By RACHEL HENRY
Store employees at Fairview Park Mall in Kitchener are exercising caution after a string of incidences targeting young women.
Over the last few weeks there have been several reported incidences of older men harassing female employees. These incidences have included phone calls and visits to the individual’s place of work.
According to the Ontario Department of Justice, the circumstances fall under the category of criminal harassment, which includes stalking.
“Criminal harassment consists of repeated conduct that is carried out over a period of time and that causes victims to reasonably fear for their safety but does not necessarily result in physical injury,” the Ontario Department of Justice website said. “It may be a precursor to subsequent violent acts.”
Danika Smyth, who asked that her place of employment not be named due to fear for her safety, was taking a smoke break on Jan. 4 when she was approached by an elderly man.
“I was finishing my smoke by the doors and he came out and made some comment about how light it was out,” Smyth said. “I just laughed and he introduced himself. He asked if I had a pen and paper so I could give him my number. I said no, and he said he wanted to tour me around Alberta and kept patting his pockets looking for a pen.”
Smyth said she began to feel uncomfortable so she told the man she had to get back to work and, in a moment of panic, flashed her store badge at him before rushing inside.
When she returned to her store, Smyth told her manager what transpired. Smyth said her manager offered to call security but she brushed it off.
Not 15 minutes later, while she was preparing a customer for an ear piercing, the same man entered the store and approached Smyth again.
Marissa Sheehan, Smyth’s manager, said she asked the man to leave four times before calling security.
“I called security, who came and asked him to leave at least three times,” Sheehan said. “He completely ignored them too, and had to be escorted out. Not only was he making Danika feel incredibly uncomfortable, but all the customers in the store knew something was going on.”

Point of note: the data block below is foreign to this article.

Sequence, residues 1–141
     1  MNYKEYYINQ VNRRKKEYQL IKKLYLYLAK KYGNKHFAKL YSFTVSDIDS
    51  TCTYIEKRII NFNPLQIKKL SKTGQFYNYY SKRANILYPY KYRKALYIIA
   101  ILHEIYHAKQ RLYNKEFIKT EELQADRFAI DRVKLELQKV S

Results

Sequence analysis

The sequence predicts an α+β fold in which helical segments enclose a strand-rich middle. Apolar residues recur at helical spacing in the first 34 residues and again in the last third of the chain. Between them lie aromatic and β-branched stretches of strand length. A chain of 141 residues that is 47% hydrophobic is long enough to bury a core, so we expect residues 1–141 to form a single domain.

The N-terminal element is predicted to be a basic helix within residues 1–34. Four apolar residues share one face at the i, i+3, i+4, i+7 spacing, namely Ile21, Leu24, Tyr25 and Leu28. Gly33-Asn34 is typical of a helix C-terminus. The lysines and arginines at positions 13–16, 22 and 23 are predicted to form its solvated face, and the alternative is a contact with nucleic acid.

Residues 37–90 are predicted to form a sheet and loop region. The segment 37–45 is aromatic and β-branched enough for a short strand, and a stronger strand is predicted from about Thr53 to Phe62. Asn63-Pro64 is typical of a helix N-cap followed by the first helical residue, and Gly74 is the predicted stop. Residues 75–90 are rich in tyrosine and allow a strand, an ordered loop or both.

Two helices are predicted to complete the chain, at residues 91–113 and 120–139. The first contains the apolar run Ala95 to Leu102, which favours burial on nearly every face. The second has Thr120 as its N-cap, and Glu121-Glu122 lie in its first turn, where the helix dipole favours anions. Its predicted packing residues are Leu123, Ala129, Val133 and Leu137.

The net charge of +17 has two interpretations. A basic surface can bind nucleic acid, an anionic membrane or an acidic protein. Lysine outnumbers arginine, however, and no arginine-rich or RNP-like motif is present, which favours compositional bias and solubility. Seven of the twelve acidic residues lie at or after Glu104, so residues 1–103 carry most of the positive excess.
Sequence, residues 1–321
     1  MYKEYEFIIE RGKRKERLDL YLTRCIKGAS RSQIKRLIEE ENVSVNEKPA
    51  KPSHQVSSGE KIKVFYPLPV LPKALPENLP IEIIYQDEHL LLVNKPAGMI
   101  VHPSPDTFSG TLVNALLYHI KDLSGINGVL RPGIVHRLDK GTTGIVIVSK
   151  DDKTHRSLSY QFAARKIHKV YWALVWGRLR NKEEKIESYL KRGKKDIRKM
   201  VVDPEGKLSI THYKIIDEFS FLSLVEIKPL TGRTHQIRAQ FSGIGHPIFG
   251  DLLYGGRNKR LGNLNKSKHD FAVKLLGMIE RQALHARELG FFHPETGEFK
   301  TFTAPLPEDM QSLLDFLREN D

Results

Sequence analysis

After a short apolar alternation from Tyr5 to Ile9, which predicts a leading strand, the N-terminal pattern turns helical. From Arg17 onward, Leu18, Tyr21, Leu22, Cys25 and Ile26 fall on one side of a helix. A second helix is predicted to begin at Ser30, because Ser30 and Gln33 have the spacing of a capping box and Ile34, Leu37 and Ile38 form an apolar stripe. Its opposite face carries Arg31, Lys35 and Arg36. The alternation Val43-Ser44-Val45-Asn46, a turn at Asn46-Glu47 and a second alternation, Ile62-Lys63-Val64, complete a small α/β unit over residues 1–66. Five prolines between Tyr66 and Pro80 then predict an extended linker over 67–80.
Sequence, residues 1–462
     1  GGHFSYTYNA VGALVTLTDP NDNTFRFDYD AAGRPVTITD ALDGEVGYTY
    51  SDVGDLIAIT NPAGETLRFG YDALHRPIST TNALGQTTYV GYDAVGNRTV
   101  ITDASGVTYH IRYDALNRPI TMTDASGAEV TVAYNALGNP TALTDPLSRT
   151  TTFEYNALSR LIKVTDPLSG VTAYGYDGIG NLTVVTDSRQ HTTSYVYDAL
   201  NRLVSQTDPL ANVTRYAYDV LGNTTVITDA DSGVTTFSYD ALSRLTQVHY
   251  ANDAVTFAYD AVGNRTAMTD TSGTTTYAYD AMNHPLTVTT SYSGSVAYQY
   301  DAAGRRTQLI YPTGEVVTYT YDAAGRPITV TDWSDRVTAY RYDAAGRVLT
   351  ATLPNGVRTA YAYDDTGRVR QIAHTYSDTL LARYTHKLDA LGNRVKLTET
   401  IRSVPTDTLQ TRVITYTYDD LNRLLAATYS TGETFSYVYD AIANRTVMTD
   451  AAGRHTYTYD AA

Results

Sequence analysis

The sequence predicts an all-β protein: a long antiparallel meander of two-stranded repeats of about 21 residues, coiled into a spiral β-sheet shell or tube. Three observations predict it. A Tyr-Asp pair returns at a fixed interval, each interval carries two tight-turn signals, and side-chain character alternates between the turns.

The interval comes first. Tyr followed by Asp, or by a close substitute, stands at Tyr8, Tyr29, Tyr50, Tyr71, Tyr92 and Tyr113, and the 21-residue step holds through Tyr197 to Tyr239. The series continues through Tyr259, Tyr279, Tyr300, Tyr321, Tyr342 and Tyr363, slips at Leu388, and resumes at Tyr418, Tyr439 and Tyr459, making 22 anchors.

Sheehan said though the man is banned from their store, he is still permitted to enter the mall. Both Smyth and Sheehan have since seen him, and said they avoided contact out of fear of repeating the incident. They described him as in his early 60s and well spoken.
Fairview Park security, though unable to release specific information, confirmed that there have been several reports of similar events.
Fairview Mall stores have since adopted new and less lax procedures to ensure the safety of their employees, such as always working in pairs and not giving out personal information to customers. Security will also escort employees to their vehicles as needed.
Hayley Weiner, another Fairview Park Mall employee, said her store was receiving anonymous phone calls asking for the personal information of women working on the sales floor.
“They would call and ask, ‘What’s the girl’s name that’s wearing the pink shirt?’” Weiner said. “We’ve had a couple of staff meetings addressing the situation since then, and we’re not allowed to give out names of anyone that works here, over the phone or in person.”
In 2010 Stats Can reported an increase in cases of criminal harassment, while there was a reported decrease in murder, serious assaults and robbery.
Though unsure of how the situation would have escalated if the man had gotten her personal information, Smyth was disturbed by the events.
“I’ll never be able to be alone at the mall at night anymore,” Smyth said. “It creeps me out.”
Should an individual become uncomfortable with the conversation or actions of another individual with a reasonable fear for their safety, Waterloo Regional Police ask you to call 519-653-7700 to make a report, or if within the mall, contact security. If there is an immediate risk to anyone’s safety, call 9-1-1.